Patricia Donlin has fond memories of her younger brother, Alex McDonald.
“He was a sweet, kind, generous man,” she said. “And a talented artist. He played the harmonica and violin. He was a perfectionist. He started off tying flies, but his big passion was wood carving. When the man who started the carousel in Missoula put out a search for carvers, Alex volunteered. He carved some of the horses and gargoyles, and stayed involved the rest of his life. The carousel was near and dear to his heart.”
And that, Donlin said, means Missoula’s carousel is also near and dear to her heart. So in honor of her brother, she recently donated $1 million to the nonprofit to help ensure it keeps on running far into the future.
“I had the money, and wanted to do something nice in his memory,” she said.
The man who started the carousel is Chuck Kaparich. In 1991, he approached the Missoula City Council with a deal: He would provide the mechanical works, frame, horses and chariots if the city would give the carousel a permanent home.
“If you will give it a home, and promise no one will ever take it apart, I will build A Carousel for Missoula,” he said.
The council agreed. The hand-carved carousel opened on May 27, 1995, along the Clark Fork River in Caras Park.
McDonald’s work helped create it; his sister’s donation helps ensure no one will ever take it apart.
“This is a gift to our community,” Theresa Cox, executive director of the carousel, said. “Our community came together to create this, and the community owns it and supports it. We can’t forget that; otherwise, it becomes just another carousel.”
In 2001, volunteers built a play area adjacent to the carousel called Dragon Hollow. In 2015, a museum was added, along with a carving room, where carvers create horses for other carousels throughout the world. It’s all run as a nonprofit.
“This past summer, we refurbished and expanded Dragon Hollow,” Cox said, “and made it more accessible to all.“
The carousel also experienced an unfortunate breakdown, Cox said. A cylinder bearing broke, and the carousel was closed for 15 days during the busiest time of year, during which Cox says they regularly take in $1,000 a day. Fortunately, they were able to find a volunteer, Andy Troutline, who made the repairs free of charge.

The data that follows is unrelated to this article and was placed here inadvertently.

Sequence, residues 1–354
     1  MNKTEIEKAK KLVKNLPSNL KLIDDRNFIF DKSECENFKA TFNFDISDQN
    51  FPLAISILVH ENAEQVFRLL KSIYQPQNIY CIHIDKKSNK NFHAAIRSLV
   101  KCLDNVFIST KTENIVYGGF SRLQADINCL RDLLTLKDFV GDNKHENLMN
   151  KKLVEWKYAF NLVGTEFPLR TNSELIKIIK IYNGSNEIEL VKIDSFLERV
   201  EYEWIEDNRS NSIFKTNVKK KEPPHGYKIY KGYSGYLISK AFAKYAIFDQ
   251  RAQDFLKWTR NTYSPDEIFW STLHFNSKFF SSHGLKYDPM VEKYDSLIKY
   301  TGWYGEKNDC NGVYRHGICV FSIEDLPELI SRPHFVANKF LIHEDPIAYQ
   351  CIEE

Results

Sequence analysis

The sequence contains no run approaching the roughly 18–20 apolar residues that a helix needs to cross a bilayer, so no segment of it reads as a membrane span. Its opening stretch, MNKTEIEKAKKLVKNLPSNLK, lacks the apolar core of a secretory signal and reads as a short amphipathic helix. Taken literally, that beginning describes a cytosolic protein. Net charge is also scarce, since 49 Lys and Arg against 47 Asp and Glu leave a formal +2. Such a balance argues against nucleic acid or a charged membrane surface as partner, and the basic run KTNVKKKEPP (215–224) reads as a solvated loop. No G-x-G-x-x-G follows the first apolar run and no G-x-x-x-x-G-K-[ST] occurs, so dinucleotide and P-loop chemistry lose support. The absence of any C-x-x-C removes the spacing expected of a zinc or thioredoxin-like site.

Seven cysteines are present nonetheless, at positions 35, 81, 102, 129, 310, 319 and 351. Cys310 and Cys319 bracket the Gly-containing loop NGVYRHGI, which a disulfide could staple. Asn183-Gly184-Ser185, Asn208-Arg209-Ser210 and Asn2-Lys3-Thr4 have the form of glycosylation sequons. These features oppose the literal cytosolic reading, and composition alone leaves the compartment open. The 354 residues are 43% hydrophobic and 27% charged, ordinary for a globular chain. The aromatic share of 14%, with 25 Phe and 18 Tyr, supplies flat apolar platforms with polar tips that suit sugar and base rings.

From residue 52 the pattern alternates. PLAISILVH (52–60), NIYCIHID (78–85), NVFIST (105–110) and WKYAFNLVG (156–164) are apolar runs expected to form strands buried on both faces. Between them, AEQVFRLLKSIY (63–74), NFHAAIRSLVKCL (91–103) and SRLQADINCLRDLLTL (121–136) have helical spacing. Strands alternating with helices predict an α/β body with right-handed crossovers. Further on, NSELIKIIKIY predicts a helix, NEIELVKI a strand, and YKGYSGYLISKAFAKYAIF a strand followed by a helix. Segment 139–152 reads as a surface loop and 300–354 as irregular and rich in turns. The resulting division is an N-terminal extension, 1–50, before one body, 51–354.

“We plan to put Patricia’s generous donation into an endowment account, so we can use the interest for special projects and emergencies like we had this summer,” Cox said. “Maybe something else will go wrong, and there won’t be an Andy around to fix it. We can use the interest from that money as needed, and not use the principal unless there’s a catastrophe.”
The carousel’s annual budget is about $300,000, Cox said. Three-quarters of that is raised by the operation. The rest, about $70,000, comes from donations, fundraising events and grants.
Cox called it fitting that Alex McDonald will be remembered at the carousel he cherished.
Born and raised in Glendive, Montana, McDonald was a Missoula fireman for 24 years, and served as a battalion chief. He also served in the U.S. Army and Montana Army National Guard. He died in Hamilton, at the age of 84, on Sept. 5, 2018.
“He was a very kind, gentle and creative man,” Cox said. “He would often stop by, excited to show us one of his recent creations, and loved seeing the children enjoying the rides on the ponies he helped create. This donation in his memory was made to all of us so we can continue to preserve the spirit of the carousel and Dragon Hollow.”
Contact reporter Dave Stalling at: email@example.com.